The U.S.-led coalition in Iraq and Syria appears to have used white phosphorus-loaded munitions on at least two occasions in densely populated areas of Mosul and in the Islamic State’s de facto capital of Raqqa, according to videos posted online and human rights groups.
The often-controversial munitions are common in western militaries and are used primarily to create smoke screens, though they can also be dropped as an incendiary weapon. When a white phosphorus shell explodes, the chemical inside reacts with the air, creating a thick white cloud. When it comes in contact with flesh, it can maim and kill by burning to the bone.
While international humanitarian law stipulates that civilians must be protected from all military operations, it also says that countries must take even more care when using white phosphorus. Additionally, because of the weapon’s ability to cause grievous and inhumane injuries, rights groups caution against using white phosphorus to kill enemy troops if other weapons are available.
On Thursday, footage posted by the activist group Raqqa is Being Slaughtered Silently showed the signature spread of airburst white phosphorus munitions — probably M825 series 155mm artillery rounds — exploding over eastern Raqqa, the same area where U.S.-backed Syrian fighters made advances earlier this week.
U.S. Army Col. Ryan Dillon, a spokesman for the U.S.-led coalition fighting in Iraq and Syria, would not confirm the use of the munition but said in an email that the U.S. military uses it in “accordance with the law of armed conflict” and that white phosphorus rounds are “used for screening, obscuring, and marking in a way that fully considers the possible incidental effects on civilians and civilian structures.”
“The coalition takes all reasonable precautions to minimize the risk of incidental injury to non-combatants and damage to civilian structures,” he said.
The Pentagon posted photographs of Marine M777 howitzers in Syria — deployed to support the Raqqa operation — with a pallet of white phosphorus munitions in May. The image was taken in March, and while the unit in the photograph probably has returned to the United States, its replacement is likely using similar munitions.
Mary Wareham, the advocacy director at Human Rights Watch’s arms division, said in email that the group is still trying to determine the veracity of the videos, but the munitions look similar to the ones used Saturday in the Iraqi city of Mosul. Wareham said that in Mosul it appeared that the rounds exploded close to the ground, in “an attempt to minimize the footprint of the effects.”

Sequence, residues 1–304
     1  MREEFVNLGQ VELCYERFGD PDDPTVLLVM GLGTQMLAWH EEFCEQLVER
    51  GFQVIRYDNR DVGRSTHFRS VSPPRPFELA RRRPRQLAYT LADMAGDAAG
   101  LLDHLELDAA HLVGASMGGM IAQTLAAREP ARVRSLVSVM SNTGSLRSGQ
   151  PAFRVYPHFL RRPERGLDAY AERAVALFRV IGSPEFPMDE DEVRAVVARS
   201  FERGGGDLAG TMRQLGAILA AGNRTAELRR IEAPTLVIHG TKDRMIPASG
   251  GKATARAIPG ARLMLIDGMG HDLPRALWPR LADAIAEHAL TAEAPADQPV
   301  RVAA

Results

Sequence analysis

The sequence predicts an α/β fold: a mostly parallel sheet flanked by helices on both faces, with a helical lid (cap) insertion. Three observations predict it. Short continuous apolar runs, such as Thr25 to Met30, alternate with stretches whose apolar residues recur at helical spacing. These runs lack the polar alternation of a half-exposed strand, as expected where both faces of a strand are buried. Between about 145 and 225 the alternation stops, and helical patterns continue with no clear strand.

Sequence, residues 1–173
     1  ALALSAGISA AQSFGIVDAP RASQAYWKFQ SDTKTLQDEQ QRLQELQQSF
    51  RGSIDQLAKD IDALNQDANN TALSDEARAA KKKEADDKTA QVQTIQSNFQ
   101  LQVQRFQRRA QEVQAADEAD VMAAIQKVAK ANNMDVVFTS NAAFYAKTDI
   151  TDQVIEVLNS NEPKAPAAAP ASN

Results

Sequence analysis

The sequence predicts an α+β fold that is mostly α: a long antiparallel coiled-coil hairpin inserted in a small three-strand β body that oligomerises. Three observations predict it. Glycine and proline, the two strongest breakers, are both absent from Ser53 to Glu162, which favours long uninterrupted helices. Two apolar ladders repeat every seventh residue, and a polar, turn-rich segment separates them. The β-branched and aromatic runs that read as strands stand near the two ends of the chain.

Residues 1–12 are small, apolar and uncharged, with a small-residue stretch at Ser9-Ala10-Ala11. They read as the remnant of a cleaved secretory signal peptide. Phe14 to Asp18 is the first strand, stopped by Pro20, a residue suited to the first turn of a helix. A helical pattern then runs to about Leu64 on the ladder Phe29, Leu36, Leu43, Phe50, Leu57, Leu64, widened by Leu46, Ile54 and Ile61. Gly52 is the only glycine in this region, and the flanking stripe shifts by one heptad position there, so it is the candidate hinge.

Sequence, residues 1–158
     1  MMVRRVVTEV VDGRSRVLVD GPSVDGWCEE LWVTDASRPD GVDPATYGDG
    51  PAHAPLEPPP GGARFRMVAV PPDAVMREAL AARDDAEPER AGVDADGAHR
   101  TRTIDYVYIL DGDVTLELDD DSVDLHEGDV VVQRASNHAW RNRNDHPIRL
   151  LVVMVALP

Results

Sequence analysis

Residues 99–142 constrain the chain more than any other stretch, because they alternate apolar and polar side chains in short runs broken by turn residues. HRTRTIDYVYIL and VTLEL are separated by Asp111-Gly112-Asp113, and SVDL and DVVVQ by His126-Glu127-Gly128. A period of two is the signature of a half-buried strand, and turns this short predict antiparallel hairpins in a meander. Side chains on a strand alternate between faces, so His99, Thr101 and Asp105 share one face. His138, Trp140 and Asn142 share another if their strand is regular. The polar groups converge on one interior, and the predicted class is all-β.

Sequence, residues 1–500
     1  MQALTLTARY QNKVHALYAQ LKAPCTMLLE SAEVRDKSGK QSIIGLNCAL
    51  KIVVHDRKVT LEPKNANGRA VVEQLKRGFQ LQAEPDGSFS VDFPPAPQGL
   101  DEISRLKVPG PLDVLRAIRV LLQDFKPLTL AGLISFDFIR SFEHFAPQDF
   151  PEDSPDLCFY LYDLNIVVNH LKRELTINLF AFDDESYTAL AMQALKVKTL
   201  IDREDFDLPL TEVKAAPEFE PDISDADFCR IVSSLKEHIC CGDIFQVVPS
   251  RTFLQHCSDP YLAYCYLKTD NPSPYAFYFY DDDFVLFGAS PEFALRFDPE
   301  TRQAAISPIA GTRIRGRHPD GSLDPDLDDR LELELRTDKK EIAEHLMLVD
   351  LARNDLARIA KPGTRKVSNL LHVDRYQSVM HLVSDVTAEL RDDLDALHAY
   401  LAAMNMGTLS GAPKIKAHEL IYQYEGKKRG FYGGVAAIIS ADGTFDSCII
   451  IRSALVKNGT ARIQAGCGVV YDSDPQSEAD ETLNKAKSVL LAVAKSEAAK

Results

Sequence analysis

When M825 rounds explode, they jettison roughly 115 felt wedges that are impregnated with white phosphorus. If exploded high above the ground, the wedges can spread over a greater distance, starting fires over a wide area. In Mosul, smoke munitions were used, according to a statement by Iraqi forces, to provide cover for civilians targeted by Islamic State snipers.
While the Islamic State controls only a few remaining neighborhoods in the western part of Mosul, the small area is packed with tens of thousands of civilians, raising concerns among rights groups that the heavy fighting will kill hundreds of civilians before the fighting ends.
“White phosphorus should not be air burst over populated areas due to its indiscriminate effect but it’s not clear from available information that civilians are in the area,” Wareham said. “The [Iraqi Security Forces] is claiming that it used white phosphorus to protect civilians. As such, more information is needed to determine whether the white phosphorus use here is lawful.”
In Raqqa, however, the footage shows the munitions bursting relatively high off the ground over a cluster of buildings. It is unclear if Islamic State fighters are in the area, but thousands of civilians are known to be still in the city. In the days leading up to the battle in the city, U.S.-backed Syrian fighters called on civilians to evacuate prior to the offensive, but after commencing their attack, they’ve now told those inside to shelter in their homes and avoid Islamic State positions.
A report from the casualty-monitoring group Airwars.Org indicates that this mixed messaging has created some confusion among the civilian population in the city and that despite the fighting, some are still evacuating.
The Pentagon has admitted to killing roughly 500 civilians in the nearly three-year-old war against the Islamic State. Monitoring groups, such as Airwars, say that number is extremely conservative. The U.K.-based organization claims that roughly 3,800 civilians have been killed by the U.S.-led coalition.